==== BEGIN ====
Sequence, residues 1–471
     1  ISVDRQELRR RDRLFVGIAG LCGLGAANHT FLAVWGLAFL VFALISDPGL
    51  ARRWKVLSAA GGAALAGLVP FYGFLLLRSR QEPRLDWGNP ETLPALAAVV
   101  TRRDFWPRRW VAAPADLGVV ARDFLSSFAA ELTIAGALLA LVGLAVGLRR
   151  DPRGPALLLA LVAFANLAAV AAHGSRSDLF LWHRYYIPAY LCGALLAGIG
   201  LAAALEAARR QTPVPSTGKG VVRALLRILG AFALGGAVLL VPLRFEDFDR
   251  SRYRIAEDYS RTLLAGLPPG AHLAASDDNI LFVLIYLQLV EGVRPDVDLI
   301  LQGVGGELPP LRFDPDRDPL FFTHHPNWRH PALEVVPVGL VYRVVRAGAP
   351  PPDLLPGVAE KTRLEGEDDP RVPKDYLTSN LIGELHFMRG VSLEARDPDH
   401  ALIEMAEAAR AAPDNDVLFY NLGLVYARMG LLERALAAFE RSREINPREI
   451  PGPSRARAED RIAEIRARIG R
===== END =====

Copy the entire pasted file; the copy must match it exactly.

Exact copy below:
Sequence, residues 1–471
     1  ISVDRQELRR RDRLFVGIAG LCGLGAANHT FLAVWGLAFL VFALISDPGL
    51  ARRWKVLSAA GGAALAGLVP FYGFLLLRSR QEPRLDWGNP ETLPALAAVV
   101  TRRDFWPRRW VAAPADLGVV ARDFLSSFAA ELTIAGALLA LVGLAVGLRR
   151  DPRGPALLLA LVAFANLAAV AAHGSRSDLF LWHRYYIPAY LCGALLAGIG
   201  LAAALEAARR QTPVPSTGKG VVRALLRILG AFALGGAVLL VPLRFEDFDR
   251  SRYRIAEDYS RTLLAGLPPG AHLAASDDNI LFVLIYLQLV EGVRPDVDLI
   301  LQGVGGELPP LRFDPDRDPL FFTHHPNWRH PALEVVPVGL VYRVVRAGAP
   351  PPDLLPGVAE KTRLEGEDDP RVPKDYLTSN LIGELHFMRG VSLEARDPDH
   401  ALIEMAEAAR AAPDNDVLFY NLGLVYARMG LLERALAAFE RSREINPREI
   451  PGPSRARAED RIAEIRARIG R